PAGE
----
The only case which appears to convict a customer of a bank who was not a bank officer or employee under § 1005 convicted the customer along with several of the bank's executives of defrauding the bank of more than $ 750,000 through a scheme involving the cashing of overdrafts. United States v. Austin, 585 F.2d 1271, 1272 (5th Cir. 1978). Austin wrote the checks and his co-defendants, the employees of the bank, approved them for cashing. Although the Fifth Circuit affirmed the district court's holding without reference to the distinction between customer and insider, it must be recognized that Austin was in fact an aider and abettor and thus need not commit the overt act that accomplished the offense or have knowledge of the particular means his principals employed to carry out the criminal activity in order to be charged with the underlying crime. Of course, here, Ortiz was the principal actor and not the aider or abettor, in these money order transactions.

 While no other cases could be found which discuss the necessity of the defendant to be an employee or agent of the bank in order to convict under § 1005, there are many cases which find bank employees or trustees or officers guilty, but none that find general customers guilty. *fn2" At Ortiz's trial, the Government particularly relied upon United States v. Castro, 887 F.2d 988 (9th Cir. 1989) when persuading this court that the § 1005 charges should be allowed to go to the jury. In Castro, the Ninth Circuit affirmed the conviction under § 1005 of a vice-president of the bank who approved loan applications containing information that he knew was incorrect, thereby misapplying bank funds and falsifying bank records. The Assistant United States Attorney in making her argument to the court first quoted from the case: "Bank funds are misapplied when they are disbursed under a record containing misrepresentations of fact with intent to deceive officials or bank examiners intent to injure need not be shown if there's intent to deceive or defraud." 887 F.2d at 995. She attempted to point out the relevance of this case, stating: "Deceive. Is the bank not being deceived when it is being told that the purchaser of these money orders was not the defendant?" Tr. at 1316-17. However, upon further reflection, it appears that the Assistant -- as well as the court -- overlooked the crucial fact that the defendant in Castro was a bank officer not a bank customer.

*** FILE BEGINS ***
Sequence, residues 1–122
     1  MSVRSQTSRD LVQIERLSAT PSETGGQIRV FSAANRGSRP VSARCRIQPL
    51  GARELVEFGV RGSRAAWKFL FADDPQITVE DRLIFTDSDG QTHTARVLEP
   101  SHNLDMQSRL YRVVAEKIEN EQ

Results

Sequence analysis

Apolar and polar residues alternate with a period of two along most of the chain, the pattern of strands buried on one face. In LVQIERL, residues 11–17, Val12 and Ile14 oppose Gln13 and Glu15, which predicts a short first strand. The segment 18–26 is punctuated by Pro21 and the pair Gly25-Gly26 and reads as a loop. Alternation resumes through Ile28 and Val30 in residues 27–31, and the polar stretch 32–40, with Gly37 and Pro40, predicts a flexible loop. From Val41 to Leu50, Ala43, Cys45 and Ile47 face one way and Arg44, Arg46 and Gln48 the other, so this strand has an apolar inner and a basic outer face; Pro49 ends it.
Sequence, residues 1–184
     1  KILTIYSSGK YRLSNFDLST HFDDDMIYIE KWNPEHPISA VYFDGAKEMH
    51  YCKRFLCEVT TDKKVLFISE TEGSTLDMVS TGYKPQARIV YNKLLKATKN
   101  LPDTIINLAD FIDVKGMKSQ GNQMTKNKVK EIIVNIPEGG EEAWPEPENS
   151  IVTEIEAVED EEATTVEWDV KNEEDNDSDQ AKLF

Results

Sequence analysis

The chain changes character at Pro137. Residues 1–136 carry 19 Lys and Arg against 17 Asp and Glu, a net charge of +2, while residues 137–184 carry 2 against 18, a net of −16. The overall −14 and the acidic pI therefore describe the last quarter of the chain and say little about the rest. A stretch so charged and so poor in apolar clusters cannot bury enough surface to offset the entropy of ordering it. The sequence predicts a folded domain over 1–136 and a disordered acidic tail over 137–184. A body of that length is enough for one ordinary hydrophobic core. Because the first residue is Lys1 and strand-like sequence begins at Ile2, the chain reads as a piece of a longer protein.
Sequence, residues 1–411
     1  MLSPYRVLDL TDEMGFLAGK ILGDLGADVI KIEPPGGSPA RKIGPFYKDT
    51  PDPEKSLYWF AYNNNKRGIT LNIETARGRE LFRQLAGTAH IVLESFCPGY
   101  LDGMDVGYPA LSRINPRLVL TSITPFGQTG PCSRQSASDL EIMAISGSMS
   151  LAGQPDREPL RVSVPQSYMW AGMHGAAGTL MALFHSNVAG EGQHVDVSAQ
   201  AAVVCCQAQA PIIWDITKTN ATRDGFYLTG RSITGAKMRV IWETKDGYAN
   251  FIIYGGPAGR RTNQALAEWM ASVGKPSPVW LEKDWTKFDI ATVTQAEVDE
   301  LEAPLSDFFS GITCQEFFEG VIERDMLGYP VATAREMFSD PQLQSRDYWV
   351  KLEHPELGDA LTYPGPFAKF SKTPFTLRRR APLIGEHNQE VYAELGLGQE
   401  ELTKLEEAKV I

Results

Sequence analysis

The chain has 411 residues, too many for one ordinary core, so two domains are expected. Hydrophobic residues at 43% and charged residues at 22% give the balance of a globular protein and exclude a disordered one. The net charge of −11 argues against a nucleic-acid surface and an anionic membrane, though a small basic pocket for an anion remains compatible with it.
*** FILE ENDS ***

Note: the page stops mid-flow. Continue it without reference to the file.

Furthermore, the Second Circuit in United States v. Docherty, 468 F.2d 989 (2d Cir. 1972), rejected the district court's application of § 1005 to a case in which the vice-president of the bank embezzled money by having his friends take out loans for him and reversed the conviction. The defendant would ask his friends to take out loans in their names and give him the money explaining that bank policy prohibited his borrowing from the bank and frowned upon his borrowing from other banks as well. This lie to innocent alders who had no knowledge of the criminal intent of the defendant is identical to Ortiz, except for the fact that the defendant in Docherty was a vice-president of the bank while Ortiz was just a customer. This distinction, as previously described, takes Ortiz out of the scope of § 1005. Interestingly, in Docherty, the court went on to recognize that the transactions involved did not provide an "intent to injure" the bank because the defendant was "putting his own credit on the line, and it was not suggested that he lacked the means to repay." Id. at 995. "As to defrauding, even if we assume arguendo that failure to disclose the true recipient of the proceeds was a misrepresentation, the case lacks the element of foreseeability of damages essential even for a civil suit." Id. Here, applying these principles, Ortiz did not intend to defraud or injure the bank, because the money orders were not replaced with duplicates until the original orders were canceled, thus, the bank was never in danger of losing money. Consequently, not only was Ortiz, being a bank customer instead of a bank employee or officer, outside of the ambit of the statute. *fn3"

 Conclusion

 Accordingly, for the reasons provided, Ortiz's motion pursuant to Fed. R. Crim. Proc. 29 to dismiss Counts Five through Fourteen of the indictment as charged to the jury was granted.

 Dated: Brooklyn, New York

 November 21, 1995

 David G. Trager

 United States District Judge